In chiral perturbation theory we build a Lagrangian invariant under $SU(2)_L\times{}SU(2)_R$ which acts on the matrix $U$ that accommodates the pion degrees of freedom in the following way

$$U\to{}RUL^{\dagger}$$

where $L\in{}SU(2)_L$, $R\in{}SU(2)_R$ and $U=e^{i\sigma_i\phi_i/f}$ where $f$ is a constant with mass dimensions, $\sigma_i$ are the Pauli matrices and $\phi_i$ are real scalar fields.

Now, this is not a representation of $SU(2)_L\times{}SU(2)_R$ acting on some vector field because the $U$ matrix is a $SU(2)$ matrix and adding to $SU(2)$ matrices doesn't in general give another $SU(2)$ matrix. I have been told that this is rather a *non-linear realization*. I have checked the wiki page but it is beyond my confort zone. In any case, the question I have is very somple. I want to consider a theory with a $\mathcal{U}$ defined analogously to $U$ where now I allow the $\phi_i$ fields to be complex.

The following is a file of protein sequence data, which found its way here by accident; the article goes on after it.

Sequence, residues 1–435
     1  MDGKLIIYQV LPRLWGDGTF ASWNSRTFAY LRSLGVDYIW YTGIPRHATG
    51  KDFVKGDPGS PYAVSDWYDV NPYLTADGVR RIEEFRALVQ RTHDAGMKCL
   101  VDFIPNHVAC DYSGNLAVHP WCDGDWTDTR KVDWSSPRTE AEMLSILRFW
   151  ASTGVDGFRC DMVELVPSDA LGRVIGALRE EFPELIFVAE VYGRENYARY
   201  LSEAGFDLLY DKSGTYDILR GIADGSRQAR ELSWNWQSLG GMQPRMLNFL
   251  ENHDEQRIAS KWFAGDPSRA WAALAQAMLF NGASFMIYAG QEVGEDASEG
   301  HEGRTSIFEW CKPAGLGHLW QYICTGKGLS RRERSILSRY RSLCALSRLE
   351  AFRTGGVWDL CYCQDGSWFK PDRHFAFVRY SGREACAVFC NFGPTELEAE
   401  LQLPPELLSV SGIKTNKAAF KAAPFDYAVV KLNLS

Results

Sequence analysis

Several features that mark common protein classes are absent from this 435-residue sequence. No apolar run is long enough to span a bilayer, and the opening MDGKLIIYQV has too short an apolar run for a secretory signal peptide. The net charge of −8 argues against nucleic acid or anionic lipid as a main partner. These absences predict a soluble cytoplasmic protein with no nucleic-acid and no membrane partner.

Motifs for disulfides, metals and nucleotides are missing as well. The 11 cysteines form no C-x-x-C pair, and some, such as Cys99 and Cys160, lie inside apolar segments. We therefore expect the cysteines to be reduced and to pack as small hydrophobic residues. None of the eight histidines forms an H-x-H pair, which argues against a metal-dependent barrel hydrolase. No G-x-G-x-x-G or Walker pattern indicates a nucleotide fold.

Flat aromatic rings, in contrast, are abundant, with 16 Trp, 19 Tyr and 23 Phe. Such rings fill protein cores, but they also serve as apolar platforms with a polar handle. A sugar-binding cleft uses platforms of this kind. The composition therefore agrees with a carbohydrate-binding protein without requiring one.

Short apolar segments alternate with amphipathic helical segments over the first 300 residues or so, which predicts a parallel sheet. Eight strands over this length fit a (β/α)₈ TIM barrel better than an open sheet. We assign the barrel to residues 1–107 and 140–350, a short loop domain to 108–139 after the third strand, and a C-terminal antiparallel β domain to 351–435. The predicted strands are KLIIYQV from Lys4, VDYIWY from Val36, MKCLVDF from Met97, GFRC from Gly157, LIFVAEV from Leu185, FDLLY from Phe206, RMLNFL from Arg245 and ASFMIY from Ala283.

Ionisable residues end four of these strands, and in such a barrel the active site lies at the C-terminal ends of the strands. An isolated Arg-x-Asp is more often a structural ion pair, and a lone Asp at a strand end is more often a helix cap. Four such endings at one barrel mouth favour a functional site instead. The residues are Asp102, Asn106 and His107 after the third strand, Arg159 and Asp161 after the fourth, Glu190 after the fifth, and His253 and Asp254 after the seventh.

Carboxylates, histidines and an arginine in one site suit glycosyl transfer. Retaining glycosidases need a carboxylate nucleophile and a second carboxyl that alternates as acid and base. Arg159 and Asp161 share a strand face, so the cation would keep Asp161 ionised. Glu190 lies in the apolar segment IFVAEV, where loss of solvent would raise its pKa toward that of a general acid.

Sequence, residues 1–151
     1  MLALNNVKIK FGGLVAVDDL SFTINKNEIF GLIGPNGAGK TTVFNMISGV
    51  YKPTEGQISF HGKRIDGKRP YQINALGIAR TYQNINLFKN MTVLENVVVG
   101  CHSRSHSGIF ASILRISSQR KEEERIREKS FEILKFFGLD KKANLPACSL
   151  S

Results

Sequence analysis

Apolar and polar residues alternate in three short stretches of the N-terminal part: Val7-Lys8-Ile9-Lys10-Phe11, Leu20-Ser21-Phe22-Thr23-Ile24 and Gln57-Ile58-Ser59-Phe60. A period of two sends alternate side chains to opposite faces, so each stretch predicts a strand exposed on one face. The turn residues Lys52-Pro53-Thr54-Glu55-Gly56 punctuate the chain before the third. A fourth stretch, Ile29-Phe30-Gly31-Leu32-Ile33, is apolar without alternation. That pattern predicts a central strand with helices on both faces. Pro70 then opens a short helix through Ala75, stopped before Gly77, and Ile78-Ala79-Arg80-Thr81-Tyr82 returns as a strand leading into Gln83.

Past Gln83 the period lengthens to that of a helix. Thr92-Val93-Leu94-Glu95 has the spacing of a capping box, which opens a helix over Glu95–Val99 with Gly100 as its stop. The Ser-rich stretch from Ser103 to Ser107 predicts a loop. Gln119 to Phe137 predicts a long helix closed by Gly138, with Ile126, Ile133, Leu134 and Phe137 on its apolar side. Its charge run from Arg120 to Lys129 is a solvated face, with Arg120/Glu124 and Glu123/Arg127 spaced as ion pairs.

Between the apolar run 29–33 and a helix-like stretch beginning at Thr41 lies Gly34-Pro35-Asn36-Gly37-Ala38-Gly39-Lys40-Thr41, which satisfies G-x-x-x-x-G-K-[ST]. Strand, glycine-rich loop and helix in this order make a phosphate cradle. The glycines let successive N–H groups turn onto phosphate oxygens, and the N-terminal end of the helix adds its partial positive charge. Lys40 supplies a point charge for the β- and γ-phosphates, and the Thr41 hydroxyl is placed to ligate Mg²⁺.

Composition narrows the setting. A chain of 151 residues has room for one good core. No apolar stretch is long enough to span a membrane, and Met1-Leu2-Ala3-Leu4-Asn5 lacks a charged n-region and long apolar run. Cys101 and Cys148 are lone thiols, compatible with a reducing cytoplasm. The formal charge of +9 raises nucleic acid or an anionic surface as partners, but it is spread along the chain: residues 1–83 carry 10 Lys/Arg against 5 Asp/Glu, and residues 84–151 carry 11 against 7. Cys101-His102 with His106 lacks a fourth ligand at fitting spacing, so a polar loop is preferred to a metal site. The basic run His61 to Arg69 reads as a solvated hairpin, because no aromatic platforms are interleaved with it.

Is it legitimate to consider a non-linear realization of $SU(2)_L\times{}SU(2)_R$ on $\mathcal{U}$?